European Oak is classed as a a hardwood, with a density of 720kg/mᵌ. A yellowish-brown colour, the grain of European Oak is generally straight though it does vary depending on its growth conditions. To add to its stunning look, try staining the Oak with one of a huge variety of options. 

When we receive the stock it has already been through the drying, machining and finger-jointing process all prior to delivery. Though it machines relatively well, nailing and screwing can be a bit more difficult - pre-drilling is advised. It’s also worth noting that Oak reacts with iron, so stainless steel nails or screws are your best bet (that, or oak glues). 


Quick Qualities Summary:

  • Average Dried Weight – 450 kg/mᵌ. 
  • Grain – Generally straight or spiralled. Texture is medium to fine. 
  • Colour – A dark brown tone throughout. 
  • Rot Resistance – Moderately durable against rot. 
  • Workability – Good machining properties, takes both screws and nails well. 
  • Sourced from: the Baltic region, delivered to us on a curtain sided wagon.

Thermowood is a heat-treated pine, with a density of around 450kg/mᵌ, making it a softwood. It’s denser than Cedar but not as dense as Siberian Larch. However, as it’s thermally modified, the wood provides stability, less shrinkage, movement (swelling), cupping and distortion. It also takes well to both screws and nails. 

Once treated, Thermowood has a gorgeous dark brown tone throughout. 

Quick note: Though you can install new cladding all year round, the best period of time is between October and April to ensure the timber does not shrink or curl in warm weather. Therefore, consider planning for your new cladding during the summer months and begin to put plans in place in plenty of time to ensure you have choose the timber species that’s right for you. 

Treating your timber

So, you’ve chosen your profile and you know what timber species is the right match for your installation. Next up - how to treat your timber. 

Exterior cladding is nearly always at some point in the day exposed to direct sunlight. This will eventually discolour the cladding, turning it into a silvery or grey colour. To prevent this, a UV protective finish can be applied. 

  1. UV protectant: UV protectant can be applied via brush, cloth or spray. This type of protective treatment is beneficial as it will protect the timber cladding from sunlight damage, resulting in the timber preserving its colour for a much longer period of time. If the cladding is in an area of direct sunlight, we recommend recoating once every two years, but if it is in a shaded area - give it a slap of treatment every three years. Think of it like a sun-cream you need to apply every couple of years.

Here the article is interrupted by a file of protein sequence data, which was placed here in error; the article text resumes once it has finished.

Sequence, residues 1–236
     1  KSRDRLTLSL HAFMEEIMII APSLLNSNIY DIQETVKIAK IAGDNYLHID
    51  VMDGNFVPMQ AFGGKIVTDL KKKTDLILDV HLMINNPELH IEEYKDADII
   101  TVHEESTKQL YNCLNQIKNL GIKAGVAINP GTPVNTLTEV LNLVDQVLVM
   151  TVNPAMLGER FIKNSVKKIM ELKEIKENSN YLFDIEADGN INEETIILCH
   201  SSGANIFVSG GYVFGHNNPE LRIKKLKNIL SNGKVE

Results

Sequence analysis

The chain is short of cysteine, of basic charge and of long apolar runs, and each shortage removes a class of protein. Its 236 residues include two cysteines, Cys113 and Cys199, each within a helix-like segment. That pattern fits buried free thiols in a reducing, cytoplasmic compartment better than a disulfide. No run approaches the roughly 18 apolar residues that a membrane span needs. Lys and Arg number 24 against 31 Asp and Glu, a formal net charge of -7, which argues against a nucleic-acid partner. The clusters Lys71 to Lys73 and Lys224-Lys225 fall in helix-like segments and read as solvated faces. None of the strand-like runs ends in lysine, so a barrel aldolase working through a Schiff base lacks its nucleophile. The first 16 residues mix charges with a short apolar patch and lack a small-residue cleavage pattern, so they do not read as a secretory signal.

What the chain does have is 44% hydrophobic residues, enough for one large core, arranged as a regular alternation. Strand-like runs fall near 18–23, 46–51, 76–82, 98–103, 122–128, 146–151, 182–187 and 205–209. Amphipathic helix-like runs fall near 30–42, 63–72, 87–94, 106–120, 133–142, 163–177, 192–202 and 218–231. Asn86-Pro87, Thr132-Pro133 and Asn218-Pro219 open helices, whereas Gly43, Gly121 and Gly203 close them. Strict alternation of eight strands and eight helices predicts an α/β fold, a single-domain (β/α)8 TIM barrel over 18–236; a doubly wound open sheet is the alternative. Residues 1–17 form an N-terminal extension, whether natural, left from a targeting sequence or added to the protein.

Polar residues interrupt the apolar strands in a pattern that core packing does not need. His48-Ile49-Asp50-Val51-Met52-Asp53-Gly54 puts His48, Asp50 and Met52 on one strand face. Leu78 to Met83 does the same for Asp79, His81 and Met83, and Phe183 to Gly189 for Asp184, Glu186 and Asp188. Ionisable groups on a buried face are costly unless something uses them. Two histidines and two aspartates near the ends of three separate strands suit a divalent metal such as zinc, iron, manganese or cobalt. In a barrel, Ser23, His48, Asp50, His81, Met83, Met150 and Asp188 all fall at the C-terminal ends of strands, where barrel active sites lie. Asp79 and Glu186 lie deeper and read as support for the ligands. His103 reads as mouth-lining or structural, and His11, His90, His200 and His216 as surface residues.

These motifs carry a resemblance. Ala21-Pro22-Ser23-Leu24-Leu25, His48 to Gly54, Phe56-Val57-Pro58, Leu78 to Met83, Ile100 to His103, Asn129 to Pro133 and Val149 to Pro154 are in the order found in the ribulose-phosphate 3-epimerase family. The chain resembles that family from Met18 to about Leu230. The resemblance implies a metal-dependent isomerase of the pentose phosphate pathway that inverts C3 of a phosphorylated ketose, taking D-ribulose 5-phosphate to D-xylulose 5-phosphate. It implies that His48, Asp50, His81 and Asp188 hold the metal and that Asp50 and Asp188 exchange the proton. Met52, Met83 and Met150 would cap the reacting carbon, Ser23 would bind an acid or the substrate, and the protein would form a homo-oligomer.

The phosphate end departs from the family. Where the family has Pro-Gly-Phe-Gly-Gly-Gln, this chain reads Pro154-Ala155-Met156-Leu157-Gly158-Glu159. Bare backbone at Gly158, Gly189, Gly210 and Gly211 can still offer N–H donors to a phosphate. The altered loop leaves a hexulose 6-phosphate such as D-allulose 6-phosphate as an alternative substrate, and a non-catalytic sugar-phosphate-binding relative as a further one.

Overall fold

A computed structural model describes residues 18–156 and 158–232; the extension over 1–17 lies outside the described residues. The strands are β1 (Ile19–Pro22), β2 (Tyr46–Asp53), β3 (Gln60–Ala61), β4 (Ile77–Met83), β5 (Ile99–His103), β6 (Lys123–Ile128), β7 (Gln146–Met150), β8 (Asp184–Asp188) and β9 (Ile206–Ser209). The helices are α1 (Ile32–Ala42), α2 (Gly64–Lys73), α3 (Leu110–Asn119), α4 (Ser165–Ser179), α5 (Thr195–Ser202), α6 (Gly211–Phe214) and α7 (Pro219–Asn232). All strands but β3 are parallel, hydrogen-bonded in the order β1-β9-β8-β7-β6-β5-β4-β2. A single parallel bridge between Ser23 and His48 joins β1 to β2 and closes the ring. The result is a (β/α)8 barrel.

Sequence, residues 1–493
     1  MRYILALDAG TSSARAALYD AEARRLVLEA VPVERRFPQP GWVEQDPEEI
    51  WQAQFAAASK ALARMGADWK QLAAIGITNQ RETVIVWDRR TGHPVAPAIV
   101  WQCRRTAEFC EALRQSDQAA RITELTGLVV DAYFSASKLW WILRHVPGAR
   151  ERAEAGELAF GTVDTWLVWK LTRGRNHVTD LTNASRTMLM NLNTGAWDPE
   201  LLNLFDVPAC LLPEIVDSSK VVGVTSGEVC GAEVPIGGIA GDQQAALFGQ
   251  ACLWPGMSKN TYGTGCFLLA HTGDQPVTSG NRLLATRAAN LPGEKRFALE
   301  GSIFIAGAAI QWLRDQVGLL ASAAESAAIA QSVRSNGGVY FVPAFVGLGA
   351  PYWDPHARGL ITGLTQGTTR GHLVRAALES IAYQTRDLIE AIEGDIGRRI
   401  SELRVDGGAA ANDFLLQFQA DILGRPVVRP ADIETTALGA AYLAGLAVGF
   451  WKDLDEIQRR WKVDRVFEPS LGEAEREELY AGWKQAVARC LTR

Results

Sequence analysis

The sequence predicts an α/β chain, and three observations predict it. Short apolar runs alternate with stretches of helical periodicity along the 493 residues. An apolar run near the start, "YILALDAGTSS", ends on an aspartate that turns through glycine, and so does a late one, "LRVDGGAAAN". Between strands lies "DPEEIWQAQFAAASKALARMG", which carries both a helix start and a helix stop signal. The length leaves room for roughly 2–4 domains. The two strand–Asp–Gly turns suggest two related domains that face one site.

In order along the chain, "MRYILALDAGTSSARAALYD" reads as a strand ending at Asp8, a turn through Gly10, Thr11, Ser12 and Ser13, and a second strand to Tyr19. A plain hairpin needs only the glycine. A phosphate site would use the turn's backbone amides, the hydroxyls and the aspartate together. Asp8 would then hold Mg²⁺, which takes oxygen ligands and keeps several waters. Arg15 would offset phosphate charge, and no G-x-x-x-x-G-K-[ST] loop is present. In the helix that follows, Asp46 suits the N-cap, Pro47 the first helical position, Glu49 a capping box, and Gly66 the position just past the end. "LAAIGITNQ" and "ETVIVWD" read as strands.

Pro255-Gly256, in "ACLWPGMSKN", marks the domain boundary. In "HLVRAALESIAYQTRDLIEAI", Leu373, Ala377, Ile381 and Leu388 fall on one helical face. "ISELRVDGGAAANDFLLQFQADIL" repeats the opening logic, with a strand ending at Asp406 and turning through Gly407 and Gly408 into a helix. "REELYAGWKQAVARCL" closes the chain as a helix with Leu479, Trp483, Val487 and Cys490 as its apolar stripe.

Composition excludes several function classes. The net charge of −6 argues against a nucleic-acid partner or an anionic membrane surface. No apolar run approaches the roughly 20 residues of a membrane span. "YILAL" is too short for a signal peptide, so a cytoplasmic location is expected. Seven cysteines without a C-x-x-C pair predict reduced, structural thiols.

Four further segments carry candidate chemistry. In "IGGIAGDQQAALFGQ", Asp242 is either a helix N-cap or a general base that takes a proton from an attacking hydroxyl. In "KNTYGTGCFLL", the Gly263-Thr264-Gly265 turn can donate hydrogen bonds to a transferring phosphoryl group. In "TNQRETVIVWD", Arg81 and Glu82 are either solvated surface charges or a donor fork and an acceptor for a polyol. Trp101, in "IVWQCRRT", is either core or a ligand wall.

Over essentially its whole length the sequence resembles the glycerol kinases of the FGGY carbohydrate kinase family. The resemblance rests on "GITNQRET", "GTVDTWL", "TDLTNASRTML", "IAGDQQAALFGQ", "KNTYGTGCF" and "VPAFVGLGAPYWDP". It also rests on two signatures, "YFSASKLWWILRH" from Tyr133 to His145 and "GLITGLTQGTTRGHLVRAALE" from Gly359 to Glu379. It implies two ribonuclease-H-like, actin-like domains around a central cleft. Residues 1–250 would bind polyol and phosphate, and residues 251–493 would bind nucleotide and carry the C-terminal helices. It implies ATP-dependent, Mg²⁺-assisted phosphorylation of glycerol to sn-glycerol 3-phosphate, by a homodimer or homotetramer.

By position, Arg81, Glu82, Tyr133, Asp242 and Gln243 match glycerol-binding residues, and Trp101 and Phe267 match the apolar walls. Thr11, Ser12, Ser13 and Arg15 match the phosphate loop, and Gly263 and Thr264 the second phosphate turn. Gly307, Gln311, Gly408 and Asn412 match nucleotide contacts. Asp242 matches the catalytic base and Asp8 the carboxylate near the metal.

2. Paint: Paint can also be applied to coat the timber. However, this process will hide the natural grain of the wood and replace it with a solid colour.
  3. Heat treatment: An alternative option is heat treatment. It helps the wood to become more weather durable and stable and doesn’t react differently to separate climates / temperature. It also prevents the wood from shrinking or expanding. 

The history of heat treatment is particularly interesting. When building defense fencing, Vikings discovered that wooden poles didn’t last as long as poles made from wood with a burnt surface. Though studies exploring thermal modification had been going on for many years, the Thermowood process wasn’t patented until the end of the 1990s.

This patented production of wood involves the controlled process of heating wood until its properties are changed permanently. See our section on Thermowood above for more information about this type of timber. 

What we offer

If you are ready to select your cladding and begin the installation process, why not visit our showroom in Melmerby (right next to the motorway, near Ripon)? We have large, high-quality stocks available across a range of timber species.

We machine timber on site here in the UK, and we ethically source our timber to ensure we have considered and acted upon our environmental responsibility. 

Our timber experts are always on hand to offer their knowledgeable insights - they might be timber genius’s but they’re incredibly friendly and always love to chat with other wood enthusiasts. 

Our showroom, which includes plenty of samples for viewing, is open to the public from Monday - Saturday (check our opening hours at the bottom of this page). 

Don’t forget we also have a brand new Cladding and Decking Centre - a must-visit for anyone considering installing new cladding. 

We don’t just stock timber cladding, we stock everything you need to complete the process: Cedar angle beads, nails, screws, shingles, ridges, solid colour stains and UV protective finishes. 

We look forward to seeing you at Duffield Timber soon! 

In the meantime, if you have any cladding questions, don’t hesitate to contact us on Facebook, Twitter or Instagram - our team will be delighted to help.